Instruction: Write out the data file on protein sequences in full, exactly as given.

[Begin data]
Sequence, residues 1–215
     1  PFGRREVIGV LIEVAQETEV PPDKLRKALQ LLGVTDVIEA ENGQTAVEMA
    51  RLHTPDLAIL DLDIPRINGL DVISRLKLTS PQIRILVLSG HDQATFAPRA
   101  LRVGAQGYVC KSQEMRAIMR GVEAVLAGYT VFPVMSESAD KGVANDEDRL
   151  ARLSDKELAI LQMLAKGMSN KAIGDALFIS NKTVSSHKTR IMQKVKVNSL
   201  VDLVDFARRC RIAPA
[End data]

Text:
Sequence, residues 1–215
     1  PFGRREVIGV LIEVAQETEV PPDKLRKALQ LLGVTDVIEA ENGQTAVEMA
    51  RLHTPDLAIL DLDIPRINGL DVISRLKLTS PQIRILVLSG HDQATFAPRA
   101  LRVGAQGYVC KSQEMRAIMR GVEAVLAGYT VFPVMSESAD KGVANDEDRL
   151  ARLSDKELAI LQMLAKGMSN KAIGDALFIS NKTVSSHKTR IMQKVKVNSL
   201  VDLVDFARRC RIAPA